Rutledge to Educate Consumers on False Veterans Charity Scams
Says, ‘donor education campaign will serve as one more great resource for Arkansans to ensure their hard-earned money is going to help those who actually need it’
LITTLE ROCK – Arkansas Attorney General Leslie Rutledge announced today the launch of Operation Donate with Honor, a sweeping new donor education campaign to help donors spot and avoid fundraising solicitations that falsely promise their donations will help veterans and service members. Operation Donate with Honor is a coordinated effort of by Arkansas and the other 49 states along with the Federal Trade Commission, the District of Columbia, American Samoa, Guam and Puerto Rico.
“Arkansans always go above and beyond in supporting our military veterans and service members,” said Attorney General Rutledge. “We recognize the sacrifices they and their families have made on our behalf. But some people try to take advantage of Arkansans’ big hearts by posing as a legitimate charity, taking money and never turning it over to military service members. This new nationwide donor education campaign will serve as one more great resource for Arkansans to ensure their hard-earned money is going to help those who actually need it.”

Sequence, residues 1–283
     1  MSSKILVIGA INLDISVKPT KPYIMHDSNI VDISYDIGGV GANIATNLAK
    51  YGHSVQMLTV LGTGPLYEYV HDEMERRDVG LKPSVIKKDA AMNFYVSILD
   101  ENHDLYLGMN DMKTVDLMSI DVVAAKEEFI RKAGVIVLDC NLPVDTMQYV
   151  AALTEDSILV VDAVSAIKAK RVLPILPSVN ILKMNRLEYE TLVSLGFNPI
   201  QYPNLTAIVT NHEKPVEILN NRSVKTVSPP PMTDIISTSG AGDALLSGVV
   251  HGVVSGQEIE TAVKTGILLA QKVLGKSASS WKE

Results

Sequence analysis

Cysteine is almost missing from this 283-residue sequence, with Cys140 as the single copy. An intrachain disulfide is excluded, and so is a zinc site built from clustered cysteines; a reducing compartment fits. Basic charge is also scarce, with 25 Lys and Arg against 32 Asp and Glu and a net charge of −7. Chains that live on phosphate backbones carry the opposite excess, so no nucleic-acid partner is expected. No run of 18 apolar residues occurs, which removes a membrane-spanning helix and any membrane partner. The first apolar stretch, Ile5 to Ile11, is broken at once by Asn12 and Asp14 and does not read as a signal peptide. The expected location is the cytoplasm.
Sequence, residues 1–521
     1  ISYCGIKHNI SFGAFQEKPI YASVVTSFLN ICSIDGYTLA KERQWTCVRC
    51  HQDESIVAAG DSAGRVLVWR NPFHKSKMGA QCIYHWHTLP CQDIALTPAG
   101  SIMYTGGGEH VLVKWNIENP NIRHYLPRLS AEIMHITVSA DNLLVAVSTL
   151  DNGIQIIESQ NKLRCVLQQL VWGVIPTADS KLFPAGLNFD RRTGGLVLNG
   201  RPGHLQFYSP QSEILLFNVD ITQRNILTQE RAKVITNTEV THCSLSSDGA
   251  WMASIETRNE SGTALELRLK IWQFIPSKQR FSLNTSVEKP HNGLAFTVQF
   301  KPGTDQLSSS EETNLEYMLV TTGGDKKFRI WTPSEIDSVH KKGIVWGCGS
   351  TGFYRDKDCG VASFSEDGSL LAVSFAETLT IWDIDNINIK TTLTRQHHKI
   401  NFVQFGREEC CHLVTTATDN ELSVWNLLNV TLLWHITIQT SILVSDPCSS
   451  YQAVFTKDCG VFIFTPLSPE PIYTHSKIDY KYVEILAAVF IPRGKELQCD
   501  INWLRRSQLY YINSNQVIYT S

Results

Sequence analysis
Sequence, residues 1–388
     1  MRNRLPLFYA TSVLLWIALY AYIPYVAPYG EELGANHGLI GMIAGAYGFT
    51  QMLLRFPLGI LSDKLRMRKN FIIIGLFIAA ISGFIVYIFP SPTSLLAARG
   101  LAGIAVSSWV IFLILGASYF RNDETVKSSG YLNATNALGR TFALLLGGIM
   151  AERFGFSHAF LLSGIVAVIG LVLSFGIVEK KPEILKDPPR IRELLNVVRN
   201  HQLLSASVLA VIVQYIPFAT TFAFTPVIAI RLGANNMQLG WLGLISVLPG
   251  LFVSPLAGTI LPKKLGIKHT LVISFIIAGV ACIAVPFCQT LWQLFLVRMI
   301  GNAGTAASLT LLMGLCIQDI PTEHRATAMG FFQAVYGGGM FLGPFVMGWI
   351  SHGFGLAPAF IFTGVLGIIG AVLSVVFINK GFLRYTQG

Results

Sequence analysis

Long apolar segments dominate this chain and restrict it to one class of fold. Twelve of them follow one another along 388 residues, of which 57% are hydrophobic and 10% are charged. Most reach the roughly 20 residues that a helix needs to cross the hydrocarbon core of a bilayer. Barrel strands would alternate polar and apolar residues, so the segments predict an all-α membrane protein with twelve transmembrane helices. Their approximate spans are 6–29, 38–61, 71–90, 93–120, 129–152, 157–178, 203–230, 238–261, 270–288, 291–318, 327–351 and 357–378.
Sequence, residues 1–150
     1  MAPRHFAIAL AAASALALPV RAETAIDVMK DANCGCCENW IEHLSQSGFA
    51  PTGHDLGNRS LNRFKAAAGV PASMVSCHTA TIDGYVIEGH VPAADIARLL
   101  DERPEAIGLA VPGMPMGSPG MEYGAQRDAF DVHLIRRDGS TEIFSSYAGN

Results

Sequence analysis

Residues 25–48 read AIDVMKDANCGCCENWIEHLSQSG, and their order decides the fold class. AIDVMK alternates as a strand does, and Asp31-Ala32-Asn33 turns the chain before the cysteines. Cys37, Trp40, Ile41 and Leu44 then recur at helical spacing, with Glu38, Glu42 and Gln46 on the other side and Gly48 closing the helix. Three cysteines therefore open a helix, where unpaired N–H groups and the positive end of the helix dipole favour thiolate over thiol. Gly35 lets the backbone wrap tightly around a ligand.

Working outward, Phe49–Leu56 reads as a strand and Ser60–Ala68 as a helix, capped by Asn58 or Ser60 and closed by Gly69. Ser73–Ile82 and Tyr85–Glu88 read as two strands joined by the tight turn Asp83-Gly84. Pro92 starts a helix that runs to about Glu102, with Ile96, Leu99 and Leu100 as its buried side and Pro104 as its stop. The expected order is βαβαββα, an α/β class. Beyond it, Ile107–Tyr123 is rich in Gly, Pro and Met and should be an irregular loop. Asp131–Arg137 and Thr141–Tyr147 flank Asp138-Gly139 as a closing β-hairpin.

Every year, grateful Americans repay the sacrifices made by those who serve in the U.S. armed forces with contributions to charities that promise to deliver needed help and services to veterans and service members. Most of these charities live up to fundraising promises, but a few attract donations by lying about help and support not actually delivered. In the process, they harm not only well-meaning donors, but also the many legitimate charities engaged in important and vital work on behalf of veterans and service members.
Operation Donate with Honor is an education campaign, offered in both English and Spanish, to help consumers recognize charitable solicitation fraud and identify legitimate charities. This includes a new video that highlights tips on how to research charities on giving wisely to veterans organizations.
Veterans fundraising fraud schemes target potential donors online, via telemarketing, direct mail and door-to-door contacts. The schemes falsely promise to help homeless and disabled veterans, provide veterans with employment counseling, mental health counseling or other assistance and to send care packages to deployed service members. Many of these schemes solicit nationwide.
This national education campaign is intended to help potential donors, regardless of where or how they choose to donate, learn how to spot fraudulent and deceptive solicitations and make sure contributions are used to benefit veterans and service members.
In 2015, Rutledge launched the first-ever Military and Veterans Initiative at the Attorney General’s office to assist active duty military service members, reservists, veterans and their families with consumer-related issues and many other collaborative efforts.